Four LMB Group Leaders have recently been awarded prestigious 5 year grants from the European Research Council (ERC).
ERC grants are given for pioneering frontier research in any field of science, engineering and scholarship. The ERC’s main aim is to stimulate scientific excellence by supporting and encouraging the very best, truly creative scientists.
Dr Lori Passmore from the LMB’s Structural Studies Division has been awarded a €1.1m ERC Starting Independent Researcher Grant to gain insight into how genes are expressed at the molecular level.
The genes of eukaryotes are normally copied into precursor messenger RNA (pre-mRNA) molecules, which then have to be processed for the instructions from the gene to be translated into proteins. One end of the pre-mRNA molecule has an element attached to it called a poly(A) tail. The tail’s length dictates how stable the mRNA is and how efficiently it can be translated into protein. Lori’s group will study how poly(A) tails are added and removed from mRNA, which will provide an insight into how the genes are expressed. Ultimately, this could shed light on how faulty gene expression contributes to diseases such as cancer and heart disease.
Dr Sarah Teichmann also from the LMB’s Structural Studies Division has been awarded a €1.33m ERC Starting Independent Researcher Grant for research on decoding genetic switches in T helper cell differentiation.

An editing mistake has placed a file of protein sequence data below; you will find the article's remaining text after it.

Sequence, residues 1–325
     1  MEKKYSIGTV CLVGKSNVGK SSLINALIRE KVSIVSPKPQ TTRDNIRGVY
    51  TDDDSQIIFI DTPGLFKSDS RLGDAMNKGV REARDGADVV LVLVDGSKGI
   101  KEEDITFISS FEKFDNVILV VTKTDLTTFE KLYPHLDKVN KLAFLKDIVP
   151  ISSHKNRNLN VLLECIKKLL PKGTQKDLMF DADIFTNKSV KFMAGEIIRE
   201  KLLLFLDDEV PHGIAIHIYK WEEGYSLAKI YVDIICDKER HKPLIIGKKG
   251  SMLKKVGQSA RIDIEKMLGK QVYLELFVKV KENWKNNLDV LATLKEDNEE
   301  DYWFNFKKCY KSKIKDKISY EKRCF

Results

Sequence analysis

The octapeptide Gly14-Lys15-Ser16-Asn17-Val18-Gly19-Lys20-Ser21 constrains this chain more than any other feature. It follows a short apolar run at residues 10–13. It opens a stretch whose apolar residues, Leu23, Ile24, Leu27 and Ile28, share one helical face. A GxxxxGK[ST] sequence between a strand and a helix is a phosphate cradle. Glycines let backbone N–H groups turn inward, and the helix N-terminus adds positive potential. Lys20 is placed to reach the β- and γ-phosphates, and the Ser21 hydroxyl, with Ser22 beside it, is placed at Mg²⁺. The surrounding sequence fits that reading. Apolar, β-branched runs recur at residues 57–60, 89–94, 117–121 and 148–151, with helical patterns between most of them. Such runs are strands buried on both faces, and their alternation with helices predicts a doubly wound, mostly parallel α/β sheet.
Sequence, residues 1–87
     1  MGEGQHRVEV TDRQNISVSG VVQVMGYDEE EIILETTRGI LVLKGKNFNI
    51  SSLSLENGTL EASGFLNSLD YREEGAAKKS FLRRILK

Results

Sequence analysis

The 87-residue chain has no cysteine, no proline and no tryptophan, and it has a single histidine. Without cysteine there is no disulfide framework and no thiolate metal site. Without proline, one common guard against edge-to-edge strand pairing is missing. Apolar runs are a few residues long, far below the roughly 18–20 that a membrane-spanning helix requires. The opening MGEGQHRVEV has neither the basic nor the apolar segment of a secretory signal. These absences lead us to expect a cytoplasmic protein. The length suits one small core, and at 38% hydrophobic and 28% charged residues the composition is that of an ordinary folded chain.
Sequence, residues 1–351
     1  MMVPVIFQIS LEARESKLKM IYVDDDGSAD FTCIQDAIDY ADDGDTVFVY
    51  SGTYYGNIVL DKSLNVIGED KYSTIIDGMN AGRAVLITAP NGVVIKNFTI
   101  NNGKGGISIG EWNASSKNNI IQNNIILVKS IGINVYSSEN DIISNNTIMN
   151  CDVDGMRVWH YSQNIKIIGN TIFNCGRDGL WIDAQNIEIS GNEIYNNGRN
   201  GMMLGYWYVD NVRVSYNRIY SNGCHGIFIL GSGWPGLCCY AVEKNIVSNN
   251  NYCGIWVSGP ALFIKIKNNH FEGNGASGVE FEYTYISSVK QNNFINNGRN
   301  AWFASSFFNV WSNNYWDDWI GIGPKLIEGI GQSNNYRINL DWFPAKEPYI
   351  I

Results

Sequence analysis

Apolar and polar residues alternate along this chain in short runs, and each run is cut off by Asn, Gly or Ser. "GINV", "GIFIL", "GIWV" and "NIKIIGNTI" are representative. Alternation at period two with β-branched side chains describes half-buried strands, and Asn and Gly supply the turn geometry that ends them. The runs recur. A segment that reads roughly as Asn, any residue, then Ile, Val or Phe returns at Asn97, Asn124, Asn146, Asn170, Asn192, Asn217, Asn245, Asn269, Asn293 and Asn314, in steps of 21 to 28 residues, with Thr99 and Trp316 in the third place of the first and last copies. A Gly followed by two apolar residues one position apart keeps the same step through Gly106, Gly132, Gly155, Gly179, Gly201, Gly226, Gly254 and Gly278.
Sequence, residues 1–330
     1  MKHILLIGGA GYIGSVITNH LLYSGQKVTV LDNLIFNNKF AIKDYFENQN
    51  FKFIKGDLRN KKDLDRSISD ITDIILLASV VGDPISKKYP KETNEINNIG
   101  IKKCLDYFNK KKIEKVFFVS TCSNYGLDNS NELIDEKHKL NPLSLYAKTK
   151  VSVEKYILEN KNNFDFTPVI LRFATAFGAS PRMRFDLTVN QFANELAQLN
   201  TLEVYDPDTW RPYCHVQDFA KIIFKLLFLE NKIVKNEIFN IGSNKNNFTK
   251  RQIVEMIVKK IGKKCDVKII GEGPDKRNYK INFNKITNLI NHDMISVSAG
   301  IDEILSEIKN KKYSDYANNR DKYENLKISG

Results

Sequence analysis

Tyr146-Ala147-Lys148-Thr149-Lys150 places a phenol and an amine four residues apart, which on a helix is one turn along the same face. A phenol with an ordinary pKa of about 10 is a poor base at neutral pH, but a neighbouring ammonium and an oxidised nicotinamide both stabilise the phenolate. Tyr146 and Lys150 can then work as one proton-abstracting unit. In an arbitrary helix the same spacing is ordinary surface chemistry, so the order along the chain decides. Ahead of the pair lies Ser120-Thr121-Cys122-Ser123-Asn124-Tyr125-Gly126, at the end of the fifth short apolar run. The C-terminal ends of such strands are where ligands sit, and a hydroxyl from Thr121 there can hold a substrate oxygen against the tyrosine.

T helper cells are an important type of leukocyte (white blood cell), because they are activated in response to infections, during allergic reactions and when the immune system attacks the body itself, which happens in an autoimmune disorder. T helper cells transform from one cell type to another using a process known as differentiation. Once differentiated, the cells then send signals to other cells, which are essential to launching immune responses. Sarah’s group will study the intricate control of changes in gene expression that these cells undergo as they differentiate, and thus gain insight into how the body fights infection, reacts to allergies, and endures autoimmune disorders.
Dr Mario de Bono, from the LMB’s Cell Biology Division has been awarded a €2.4m Advanced ERC Grant for research into systematic dissection of molecular machines and neural circuits coordinating C. elegans aggregation behaviour.
Mario’s group uses the simpler nervous system and more reproducible behaviour of the nematode C. elegans as a model to understand our brain and behaviour. In C. elegans we can associate behaviour with the activity of identified neural circuits and their associated molecular pathways. The aim is to identify molecular pathways and circuitry principles that are conserved from worm to man.
Professor Sir Alan Fersht, FRS, from the PNAC Division of LMB, has been awarded an Advanced ERC Grant of €1.5m for his project “Tumour suppressor p53: structure, stability and novel anti-cancer drug development”.
Alan’s grant complements his MRC programme grant on the “Structural Biology of p53”, which started on 1 October 2010. 70% of human cancers have p53 directly inactivated by mutation. Alan’s group has found that some 30% of the inactivated mutants are unstable and temperature sensitive. As such, they are potentially rescuable by small molecules. The ERC grant will fund a fundamental programme to discover the principles of the stabilization of proteins by small molecules, with the prospects of drug discovery.